Crane Data published its latest Weekly Money Fund Portfolio Holdings statistics on Tuesday, which track a shifting subset of our monthly Portfolio Holdings collection. The most recent cut (with data as of Oct. 1, 2021) includes Holdings information from 63 money funds (down from 86 one week ago), which represent $2.147 trillion (up from $2.830 trillion) of the $4.860 trillion (44.2%) in total money fund assets tracked by Crane Data. (Our Weekly MFPH are e-mail only and aren't available on the website.) Our latest Weekly MFPH Composition summary again shows Government assets dominating the holdings list with Repurchase Agreements (Repo) totaling $995.4 billion (down from $1.200 trillion a week ago), or 46.4%; Treasuries totaling $811.3 billion (down from $1.174 trillion a week ago), or 37.8%, and Government Agency securities totaling $150.0 billion (down from $207.7 billion), or 7.0%. Commercial Paper (CP) totaled $68.5 billion (down from $82.3 billion), or 3.2%. Certificates of Deposit (CDs) totaled $42.1 billion (down from $50.0 billion), or 2.0%. The Other category accounted for $57.7 billion or 2.7%, while VRDNs accounted for $21.5 billion, or 1.0%. The Ten Largest Issuers in our Weekly Holdings product include: the US Treasury with $811.3 billion (37.8% of total holdings), Federal Reserve Bank of New York with $536.1B (25.0%), Fixed Income Clearing Corp with $68.2B (3.2%), Federal Home Loan Bank with $62.7B (2.9%), BNP Paribas with $56.4B (2.6%), Federal Farm Credit Bank with $38.9B (1.8%), RBC with $38.4B (1.8%), JP Morgan with $37.8B (1.8%), Federal National Mortgage Association with $34.5B (1.6%) and Societe Generale with $27.0B (1.3%). The Ten Largest Funds tracked in our latest Weekly include: JPMorgan US Govt MM ($230.8B), BlackRock Lq FedFund ($169.2B), Morgan Stanley Inst Liq Govt ($151.1B), Wells Fargo Govt MM ($141.9B), Fidelity Inv MM: Govt Port ($131.7B), BlackRock Lq T-Fund ($115.3B), Dreyfus Govt Cash Mgmt ($110.4B), BlackRock Lq Treas Tr ($103.6B), JPMorgan 100% US Treas MM ($97.1B) and First American Govt Obl ($88.5B). (See our Sept. 13 News, "Sept. MF Portfolio Holdings: Repos Tie T-Bills as Largest MF Segment" for more, and let us know if you'd like to see our latest domestic U.S. and/or "offshore" Weekly Portfolio Holdings collection and summary, or our Bond Fund Portfolio Holdings data series.)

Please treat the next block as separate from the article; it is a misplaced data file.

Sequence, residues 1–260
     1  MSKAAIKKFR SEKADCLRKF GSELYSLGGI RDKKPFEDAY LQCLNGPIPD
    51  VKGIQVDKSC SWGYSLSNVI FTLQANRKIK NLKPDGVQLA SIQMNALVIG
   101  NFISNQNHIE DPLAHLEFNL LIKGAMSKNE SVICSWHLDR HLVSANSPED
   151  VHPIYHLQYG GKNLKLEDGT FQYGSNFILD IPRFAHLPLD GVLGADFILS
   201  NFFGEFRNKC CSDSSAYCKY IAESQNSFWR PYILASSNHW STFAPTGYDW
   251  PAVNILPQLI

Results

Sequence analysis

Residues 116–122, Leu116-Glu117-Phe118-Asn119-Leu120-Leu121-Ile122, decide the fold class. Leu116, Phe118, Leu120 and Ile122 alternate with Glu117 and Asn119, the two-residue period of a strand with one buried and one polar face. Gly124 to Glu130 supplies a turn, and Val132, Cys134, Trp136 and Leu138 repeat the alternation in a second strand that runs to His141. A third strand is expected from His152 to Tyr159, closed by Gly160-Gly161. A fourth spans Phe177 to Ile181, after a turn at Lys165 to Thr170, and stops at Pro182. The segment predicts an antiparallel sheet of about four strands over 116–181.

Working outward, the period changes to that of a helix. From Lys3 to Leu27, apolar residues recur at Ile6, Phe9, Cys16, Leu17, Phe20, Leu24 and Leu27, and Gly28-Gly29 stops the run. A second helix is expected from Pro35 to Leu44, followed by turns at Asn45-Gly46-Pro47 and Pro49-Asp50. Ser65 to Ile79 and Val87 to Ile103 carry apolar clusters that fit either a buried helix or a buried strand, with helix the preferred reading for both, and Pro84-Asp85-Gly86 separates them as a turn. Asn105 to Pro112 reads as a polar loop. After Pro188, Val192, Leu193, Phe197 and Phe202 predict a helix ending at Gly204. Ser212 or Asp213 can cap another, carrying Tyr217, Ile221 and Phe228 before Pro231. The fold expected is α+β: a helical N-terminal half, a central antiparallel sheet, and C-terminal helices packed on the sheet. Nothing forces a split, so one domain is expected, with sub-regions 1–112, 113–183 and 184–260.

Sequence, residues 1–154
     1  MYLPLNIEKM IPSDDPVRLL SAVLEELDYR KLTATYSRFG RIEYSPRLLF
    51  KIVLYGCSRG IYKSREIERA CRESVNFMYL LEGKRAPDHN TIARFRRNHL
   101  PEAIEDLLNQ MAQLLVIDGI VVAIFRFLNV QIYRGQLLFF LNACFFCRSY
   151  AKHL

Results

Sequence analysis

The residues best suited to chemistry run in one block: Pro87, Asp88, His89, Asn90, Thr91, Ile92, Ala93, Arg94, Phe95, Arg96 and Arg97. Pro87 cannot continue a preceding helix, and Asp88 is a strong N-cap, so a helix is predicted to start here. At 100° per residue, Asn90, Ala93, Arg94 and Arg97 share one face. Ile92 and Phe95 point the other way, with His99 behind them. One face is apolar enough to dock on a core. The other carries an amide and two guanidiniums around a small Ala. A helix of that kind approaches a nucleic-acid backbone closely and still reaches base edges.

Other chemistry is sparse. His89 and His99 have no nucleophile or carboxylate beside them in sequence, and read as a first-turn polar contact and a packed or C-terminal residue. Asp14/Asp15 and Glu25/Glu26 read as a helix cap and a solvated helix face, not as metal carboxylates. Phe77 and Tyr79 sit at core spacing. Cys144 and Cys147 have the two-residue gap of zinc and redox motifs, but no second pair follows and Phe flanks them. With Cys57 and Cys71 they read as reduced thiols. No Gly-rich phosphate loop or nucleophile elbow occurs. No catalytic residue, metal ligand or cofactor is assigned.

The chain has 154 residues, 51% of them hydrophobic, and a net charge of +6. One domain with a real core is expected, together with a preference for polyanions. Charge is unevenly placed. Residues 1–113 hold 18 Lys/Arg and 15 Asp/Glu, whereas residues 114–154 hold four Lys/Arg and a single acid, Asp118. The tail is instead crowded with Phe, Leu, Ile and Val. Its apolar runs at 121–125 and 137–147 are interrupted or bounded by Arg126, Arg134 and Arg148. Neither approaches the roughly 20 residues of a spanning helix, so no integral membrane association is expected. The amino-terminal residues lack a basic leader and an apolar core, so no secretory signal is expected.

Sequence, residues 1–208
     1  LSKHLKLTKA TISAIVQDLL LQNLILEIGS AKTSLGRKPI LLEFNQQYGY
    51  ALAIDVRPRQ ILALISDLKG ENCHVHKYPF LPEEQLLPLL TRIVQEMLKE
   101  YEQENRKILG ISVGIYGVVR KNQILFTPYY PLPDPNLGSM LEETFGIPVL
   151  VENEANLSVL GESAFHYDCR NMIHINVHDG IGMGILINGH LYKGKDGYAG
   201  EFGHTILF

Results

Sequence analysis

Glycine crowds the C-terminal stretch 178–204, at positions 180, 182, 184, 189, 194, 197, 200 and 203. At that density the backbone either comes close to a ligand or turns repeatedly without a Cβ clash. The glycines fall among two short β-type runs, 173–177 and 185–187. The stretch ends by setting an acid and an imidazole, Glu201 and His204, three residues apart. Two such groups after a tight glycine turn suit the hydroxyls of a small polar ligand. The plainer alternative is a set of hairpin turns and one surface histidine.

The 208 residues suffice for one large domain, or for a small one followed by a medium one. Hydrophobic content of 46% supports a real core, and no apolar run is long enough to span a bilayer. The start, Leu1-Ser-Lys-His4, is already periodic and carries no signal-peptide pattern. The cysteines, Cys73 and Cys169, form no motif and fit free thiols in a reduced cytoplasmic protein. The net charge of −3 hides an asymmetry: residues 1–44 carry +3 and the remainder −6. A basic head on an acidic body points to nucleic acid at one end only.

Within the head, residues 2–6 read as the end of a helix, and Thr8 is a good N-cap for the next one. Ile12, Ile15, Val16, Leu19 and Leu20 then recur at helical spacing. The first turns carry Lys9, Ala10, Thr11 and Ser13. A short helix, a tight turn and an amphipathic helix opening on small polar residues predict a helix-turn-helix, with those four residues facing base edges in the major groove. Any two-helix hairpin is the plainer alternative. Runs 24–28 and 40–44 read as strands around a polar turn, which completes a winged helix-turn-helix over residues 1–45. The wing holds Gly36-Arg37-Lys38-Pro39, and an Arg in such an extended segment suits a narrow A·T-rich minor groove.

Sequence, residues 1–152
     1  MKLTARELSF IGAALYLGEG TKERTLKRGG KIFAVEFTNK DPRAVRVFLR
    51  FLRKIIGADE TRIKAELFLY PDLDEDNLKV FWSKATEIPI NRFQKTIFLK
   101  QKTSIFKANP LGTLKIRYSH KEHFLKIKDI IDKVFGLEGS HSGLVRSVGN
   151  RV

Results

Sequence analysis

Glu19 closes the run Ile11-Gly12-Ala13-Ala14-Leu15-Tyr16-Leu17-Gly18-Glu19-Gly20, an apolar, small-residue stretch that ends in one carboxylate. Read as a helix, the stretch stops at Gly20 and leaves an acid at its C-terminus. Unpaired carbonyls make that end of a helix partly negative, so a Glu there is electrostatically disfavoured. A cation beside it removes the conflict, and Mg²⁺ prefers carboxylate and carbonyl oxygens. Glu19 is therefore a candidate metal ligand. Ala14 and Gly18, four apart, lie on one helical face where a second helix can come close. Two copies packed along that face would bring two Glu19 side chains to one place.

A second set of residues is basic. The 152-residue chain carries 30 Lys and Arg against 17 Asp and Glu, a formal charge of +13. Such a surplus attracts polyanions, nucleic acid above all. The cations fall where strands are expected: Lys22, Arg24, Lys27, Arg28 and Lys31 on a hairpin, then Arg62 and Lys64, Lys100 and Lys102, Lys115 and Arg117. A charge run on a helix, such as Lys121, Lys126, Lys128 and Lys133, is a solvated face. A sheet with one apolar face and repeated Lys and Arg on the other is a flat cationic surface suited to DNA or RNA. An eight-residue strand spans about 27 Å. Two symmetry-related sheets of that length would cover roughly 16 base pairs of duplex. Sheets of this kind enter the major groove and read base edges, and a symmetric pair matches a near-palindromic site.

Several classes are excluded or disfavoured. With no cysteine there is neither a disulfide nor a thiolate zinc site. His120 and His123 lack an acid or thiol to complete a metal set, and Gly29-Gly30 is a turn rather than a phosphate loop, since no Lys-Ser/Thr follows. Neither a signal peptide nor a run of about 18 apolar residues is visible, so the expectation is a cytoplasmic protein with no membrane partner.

Western Asset recently released a statement that says, "On July 23, 2021, Legg Mason Partners Institutional Trust approved a disclosure change to the Western Asset Institutional U.S. Treasury Obligations Money Market Fund. The primary purpose of the disclosure change is to add a reference to the fund's prospectus that Western Asset Management, in its role as sub-advisor to the U.S.-registered Western Asset Institutional U.S. Treasury Obligations Money Market Fund, will generally seek to place portfolio trades for the fund with minority-, women- and service-disabled veteran-owned broker-dealers, subject to the fund's ongoing fiduciary duty to seek the best execution for its shareholders. The fund intends to select the diverse broker-dealers with which it seeks to do business from among those that are authorized by the Federal Home Loan Bank's Office of Finance. These include 20 minority-, women- and service-disabled veteran-owned businesses and other qualified and recognized categories such as the Small Business Association and LGBTQ+." The update continues, "Money market funds (MMFs) are a key product within Western Asset’s extensive line-up of U.S. and internationally domiciled MMFs. In total, the firm has $57.6 billion held in MMFs as of August 31, 2021. Registered with the SEC as a Rule 2a-7 government MMF, the fund seeks to maintain a constant net asset value (NAV) of $1.00. The fund invests all of its assets in direct obligations of the U.S. Treasury and in repurchase agreements secured by these obligations. Direct obligations of the U.S. Treasury include U.S. Treasury bills, notes and bonds. The U.S. Treasury Obligations Money Market Fund portfolio held $417 million in assets under management as of August 31, 2021." Matt Jones, Head of Liquidity Distribution at Western Asset, comments, "As of August 31, 2021, there were nearly $22 trillion in Treasury securities outstanding, making it the largest and most liquid government securities market in the world. This represents a huge opportunity for underrepresented broker-dealers. We recognize the importance of making significant strides on diversity, equity and inclusion as a Firm and as an industry. This is just one way we are evolving our business practices while encouraging progress in the capital markets." Bonnie Wongtrakool, Global Head of Environmental, Social and Governance (ESG) Investments and a Portfolio Manager at Western Asset, adds, "The decision to help support the business growth of under-represented broker-dealers is one way we can contribute positively to the social changes taking place at this critical juncture in history. This initiative is aligned with Western Asset's ongoing efforts to support diversity, equity and inclusion and to drive positive developments in the asset management industry overall."